Lump of coal in our stocking 

Between the Lines

We hear a lot of talk about Colorado's importance to the national political scene, not only as a swing state in the 2012 presidential election but also in helping shape the congressional outcome and setting an example for economic recovery.

It makes sense, and you'd think that reality would help Colorado in other ways, such as when federal agencies decide how to apportion special grant money.

But it's not guaranteed.

Just before Christmas, on the state's third try, Colorado did succeed in receiving a chunk of the latest "Race to the Top" education grants, in this case $17.9 million to help in revamping state standards and evaluating educators. That's a consolation prize — Colorado had hoped for much more, applying for but failing to win federal grants of $175 million and then $60 million.

About the same time, our state lost again on a different front as the U.S. Department of Transportation awarded its latest TIGER (Transportation Investment Generating Economic Recovery) grants totaling more than $500 million for projects in 33 states.

Not a dime of that is coming to Colorado, the second year in a row for DOT to ignore this state. (For the record, the TIGER outcome also snubbed Nebraska, Wyoming, New Mexico, Arizona, Utah and Nevada).

Southern Colorado had two projects in the mix, both ignored. One would have improved Interstate 25's Eden interchange (Exit 104), which has become an increasingly popular route (I know, having used it) for access to and from the fast-growing area of Pueblo West.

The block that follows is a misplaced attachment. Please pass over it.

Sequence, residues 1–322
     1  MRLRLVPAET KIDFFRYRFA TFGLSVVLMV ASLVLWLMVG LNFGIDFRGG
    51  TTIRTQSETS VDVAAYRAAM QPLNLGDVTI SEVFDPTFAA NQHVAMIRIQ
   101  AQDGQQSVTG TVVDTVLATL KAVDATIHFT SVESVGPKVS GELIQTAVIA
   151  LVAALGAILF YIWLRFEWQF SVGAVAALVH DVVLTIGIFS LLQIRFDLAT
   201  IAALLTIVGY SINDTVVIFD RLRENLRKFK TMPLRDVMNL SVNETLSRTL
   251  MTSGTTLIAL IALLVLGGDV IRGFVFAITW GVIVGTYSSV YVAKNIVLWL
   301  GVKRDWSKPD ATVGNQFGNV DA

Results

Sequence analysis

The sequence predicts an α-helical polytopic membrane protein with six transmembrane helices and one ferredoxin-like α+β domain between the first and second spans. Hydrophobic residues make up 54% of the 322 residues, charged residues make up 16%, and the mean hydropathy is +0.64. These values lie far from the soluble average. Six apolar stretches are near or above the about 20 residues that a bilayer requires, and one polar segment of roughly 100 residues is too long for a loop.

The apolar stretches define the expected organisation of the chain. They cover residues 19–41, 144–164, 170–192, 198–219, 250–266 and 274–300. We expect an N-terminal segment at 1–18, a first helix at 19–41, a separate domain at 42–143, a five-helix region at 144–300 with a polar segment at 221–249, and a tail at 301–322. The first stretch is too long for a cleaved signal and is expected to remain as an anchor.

The other one, in Colorado Springs, would've created an interchange on Powers Boulevard for traffic in and out of Peterson Air Force Base. The detailed application, showing how much of a positive impact the interchange would have, seemed appealing. Among other factors (helping military), it's an open and fairly flat area, with nearly 100 percent of the right-of-way already secured.

We could have a separate debate over the larger need — widening I-25, especially from the north edge of Colorado Springs to Castle Rock, still just two lanes each way. Also, replacing the amazingly outdated I-25 interchange for U.S. Highway 24 west (Cimarron Street), considered a top priority by local traffic planners since the early 1970s. That's right, 40 years ago.

Granted, that Powers-Peterson interchange would fulfill one of our many needs. And as for down south, it's safe to say that the rebuilding of I-25 through Pueblo has a better place in line (after the major work done through Colorado Springs during the past decade).

So who's at fault? Some point fingers at Colorado's congressional delegation for not helping more. But then again, considering the anti-earmark sentiment these days toward Congress, it would seem a bit hypocritical to blame Rep. Doug Lamborn for the local project being shunned, or Rep. Scott Tipton for the Pueblo-Eden plan losing its chance for federal help. I asked Lamborn's office if he wanted to respond for this, and he did not comment.

There is another way to look at this. Maybe the time has come to pay for more ourselves, instead of waiting for the feds or the state.

Given the success of our Pikes Peak Rural Transportation Authority, which has funded plenty of much-needed local road projects since voters approved it in 2004, perhaps the next round of PPRTA work should become even more ambitious. There has been talk of a possible November 2012 ballot issue, continuing the sales tax that could speed up other much-needed improvements. Regardless, it would not be smart to wait until the last minute before the first PPRTA funding ends in 2014. We don't need to have that money lapse.

Even with some major projects that would have widespread public support, renewing PPRTA won't be a slam-dunk. That's because one factor in the 2004 vote was that approval would mean more money and better service for local transit — yet Colorado Springs later reneged, severely chopping its portion of funding for buses, leading to serious reductions in routes and service.

As easy as it might be to suggest that congressmen could've changed this outcome, the reality is that they probably couldn't. And no matter how influential we might think Colorado is, perhaps that's an exaggeration as well.


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